A UAV that does not meet these criteria can still be a public aircraft if the Administrator determines that there are extraordinary circumstances; the aircraft is being operated for search and rescue; a community would not otherwise have access to S&R services; and a government entity demonstrates that granting the waiver is necessary to prevent an undue economic burden.

What needs to be included in the application

The FAA has an online portal through which a public agency will submit all the necessary information and will guide the applicant through the process. An agency will receive access to the online portal after the FAA receives the proper letter certifying that the agency is a public agency.

Once logged in, the applicant will need to provide specific information to the system prior to submitting the application.

Location Information

A detailed description of the location in which you wish to fly is required when submitting a COA Application. This should include, at minimum:

  1. Information regarding the airspace you wish to operate in, including the class of airspace and the nearest airports;
  2. Geographic coordinates of your operation;
  3. Launch and recovery sites;
  4. Intended flight routes;
  5. Operational ceilings and floors; and
  6. Detailed map(s) of the area.

Operating Procedures

The FAA will required two descriptions of operations:

  1. A summary of the program objectives, which may be 1-2 sentences.
  2. A detailed operational summary.

This detailed operational summary needs to be just that – a detailed step-by-step procedure of how you intend to conduct operations. This would include:

  1. Whether operations will be during the day or night;
  2. The length of intended flights;
  3. How often you intend to operate;
  4. Contingency plans, including plans for emergency situations, and lost link and lost communication scenarios; and
  5. Information on the flight crew, their qualifications, and specific training on the UAV to be operated.

Note: public COA holders may not be required to have an individual with an airman’s certificate act as the Pilot in Command.


The individual who signs off on the COA application will be the FAA point of contact for any questions. That person must be knowledgeable about the process and the system, and not merely a bureaucrat. For example, the president of a public university should not be the signatory unless the president has been actively involved in the application and can explain what has been proposed. A better choice for the signatory may be the professor who wishes to use the UAV in her class.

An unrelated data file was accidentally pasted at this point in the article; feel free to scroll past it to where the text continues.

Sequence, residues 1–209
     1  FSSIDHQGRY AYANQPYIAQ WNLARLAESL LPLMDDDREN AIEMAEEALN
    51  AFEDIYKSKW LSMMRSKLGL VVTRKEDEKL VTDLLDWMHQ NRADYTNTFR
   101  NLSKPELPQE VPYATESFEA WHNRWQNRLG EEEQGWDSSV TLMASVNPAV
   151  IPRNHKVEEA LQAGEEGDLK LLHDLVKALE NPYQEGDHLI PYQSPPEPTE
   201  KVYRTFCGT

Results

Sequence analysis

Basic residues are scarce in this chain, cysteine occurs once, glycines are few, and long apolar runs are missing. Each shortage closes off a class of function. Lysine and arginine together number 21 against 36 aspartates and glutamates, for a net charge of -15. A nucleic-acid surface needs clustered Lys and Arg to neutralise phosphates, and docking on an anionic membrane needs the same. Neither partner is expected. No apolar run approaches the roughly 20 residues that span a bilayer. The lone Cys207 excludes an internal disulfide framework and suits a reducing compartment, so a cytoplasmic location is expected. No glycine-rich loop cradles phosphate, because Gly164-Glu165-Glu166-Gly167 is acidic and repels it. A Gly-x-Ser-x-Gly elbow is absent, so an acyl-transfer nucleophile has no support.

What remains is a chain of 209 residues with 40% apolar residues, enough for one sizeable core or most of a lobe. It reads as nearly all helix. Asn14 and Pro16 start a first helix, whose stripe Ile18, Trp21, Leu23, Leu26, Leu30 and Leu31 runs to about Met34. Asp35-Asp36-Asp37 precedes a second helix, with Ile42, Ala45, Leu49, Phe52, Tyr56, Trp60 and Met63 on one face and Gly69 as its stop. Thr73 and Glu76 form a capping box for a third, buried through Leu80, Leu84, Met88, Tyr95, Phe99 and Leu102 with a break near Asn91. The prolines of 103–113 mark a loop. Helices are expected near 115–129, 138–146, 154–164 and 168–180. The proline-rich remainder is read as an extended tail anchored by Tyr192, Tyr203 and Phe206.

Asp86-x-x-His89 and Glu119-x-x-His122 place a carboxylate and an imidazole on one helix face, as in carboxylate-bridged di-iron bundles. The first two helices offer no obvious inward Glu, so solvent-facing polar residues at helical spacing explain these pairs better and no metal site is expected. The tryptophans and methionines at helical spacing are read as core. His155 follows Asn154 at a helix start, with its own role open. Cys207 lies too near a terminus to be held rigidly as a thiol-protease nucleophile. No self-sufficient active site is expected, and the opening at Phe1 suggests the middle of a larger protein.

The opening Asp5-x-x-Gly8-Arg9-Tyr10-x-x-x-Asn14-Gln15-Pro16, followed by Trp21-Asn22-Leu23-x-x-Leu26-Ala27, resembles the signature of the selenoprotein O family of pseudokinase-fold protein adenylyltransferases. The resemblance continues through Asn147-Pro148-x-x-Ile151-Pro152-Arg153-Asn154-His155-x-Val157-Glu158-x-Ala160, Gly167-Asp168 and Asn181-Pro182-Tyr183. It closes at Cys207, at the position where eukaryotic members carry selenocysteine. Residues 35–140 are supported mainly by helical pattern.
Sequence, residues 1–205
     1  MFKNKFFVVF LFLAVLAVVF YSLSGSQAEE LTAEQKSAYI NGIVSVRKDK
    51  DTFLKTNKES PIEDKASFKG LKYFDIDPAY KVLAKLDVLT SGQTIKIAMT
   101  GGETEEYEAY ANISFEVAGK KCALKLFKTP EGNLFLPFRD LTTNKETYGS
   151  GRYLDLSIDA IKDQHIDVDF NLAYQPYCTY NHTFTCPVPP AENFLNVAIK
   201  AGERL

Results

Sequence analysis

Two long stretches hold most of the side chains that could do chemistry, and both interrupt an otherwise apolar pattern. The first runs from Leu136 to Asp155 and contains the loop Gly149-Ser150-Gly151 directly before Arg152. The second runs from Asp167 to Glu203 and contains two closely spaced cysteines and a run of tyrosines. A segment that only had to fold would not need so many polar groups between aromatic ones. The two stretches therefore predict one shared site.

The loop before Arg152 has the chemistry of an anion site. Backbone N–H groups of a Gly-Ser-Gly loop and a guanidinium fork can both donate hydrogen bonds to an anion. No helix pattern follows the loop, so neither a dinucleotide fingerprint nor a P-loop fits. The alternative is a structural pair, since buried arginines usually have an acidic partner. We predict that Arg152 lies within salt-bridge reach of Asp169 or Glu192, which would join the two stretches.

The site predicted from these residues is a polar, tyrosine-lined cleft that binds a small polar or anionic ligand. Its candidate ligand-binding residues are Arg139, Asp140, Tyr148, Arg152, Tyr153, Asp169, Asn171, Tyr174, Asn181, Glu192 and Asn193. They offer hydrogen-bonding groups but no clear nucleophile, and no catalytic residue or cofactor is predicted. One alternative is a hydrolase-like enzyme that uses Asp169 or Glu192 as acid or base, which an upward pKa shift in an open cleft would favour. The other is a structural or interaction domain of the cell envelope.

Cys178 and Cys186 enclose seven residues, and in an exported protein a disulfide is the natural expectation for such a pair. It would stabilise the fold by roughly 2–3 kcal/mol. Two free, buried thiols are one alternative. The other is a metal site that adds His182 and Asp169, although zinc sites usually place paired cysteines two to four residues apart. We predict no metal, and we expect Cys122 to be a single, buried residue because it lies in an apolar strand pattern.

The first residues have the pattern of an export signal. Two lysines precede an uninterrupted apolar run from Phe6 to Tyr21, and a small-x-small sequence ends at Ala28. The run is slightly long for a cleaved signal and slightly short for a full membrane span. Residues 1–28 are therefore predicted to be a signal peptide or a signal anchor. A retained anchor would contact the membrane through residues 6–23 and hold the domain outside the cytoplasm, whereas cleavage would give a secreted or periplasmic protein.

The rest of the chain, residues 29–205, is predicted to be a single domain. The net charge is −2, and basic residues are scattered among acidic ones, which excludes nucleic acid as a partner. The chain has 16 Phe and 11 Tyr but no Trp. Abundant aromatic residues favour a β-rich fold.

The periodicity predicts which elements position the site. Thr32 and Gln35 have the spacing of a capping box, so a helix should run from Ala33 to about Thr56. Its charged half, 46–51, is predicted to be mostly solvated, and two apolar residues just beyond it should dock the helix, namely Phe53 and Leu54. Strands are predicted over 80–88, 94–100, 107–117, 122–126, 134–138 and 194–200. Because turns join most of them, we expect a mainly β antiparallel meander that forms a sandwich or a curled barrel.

About the Antonelli Law Drone/UAS Practice Group

The Drone/UAS Practice Group at Antonelli Law is a group of attorneys with deep knowledge of law, technology, privacy, and aviation. Our federal practice relating to the rapidly developing commercial "drone"/Unmanned Aircraft Systems (UAS) industry allows us to serve clients nationwide. In addition, our attorneys are licensed in numerous states from California to New York and  in between.  

  • Jeffrey Antonelli, an unmanned aircraft pilot with 15 year's experience in litigation, general counsel, insurance defense and technology 
  • Mark Del Bianco, more than three decades of federal administrative law, antitrust, and technology expertise
  • Kate Fletcher, an active commercial pilot with the world's largest airline as well as attorney
  • Douglas Marshall, aviation consultant, chairs the ASTM F38.02.01 Task Group on Standards for Operations Over People, and serves as a United States delegate to ISO TC 20/SC 16, UAS Subcommittee
  • Melissa Brabender, associate attorney, accomplished federal litigator and counselor
  • Amelia Niemi, associate attorney, graduate of esteemed Intellectual Property program concentration at DePaul College of Law   
  • Megan Heiting, associate attorney, LLM in Intellectual Property from DePaul College of Law
  • Benjamin Fink, associate attorney
  • Barbara Munube, UAS law clerk, LLM in Int'l Aviation Law
  • Olivia Fowler, UAS Client Concierge

Research and support staff include research assistant , an engineering student, and law clerks to keep the Drone/UAS Practice Group stay current with produce supporting research for the DroneLawsBlog as well as our Survey of State Drone Laws.

Whether it is corporate work, privacy concerns, or you want to get a handle on what the FAA is doing and what your company is allowed to do, you will feel comfortable calling a lawyer at Antonelli Law.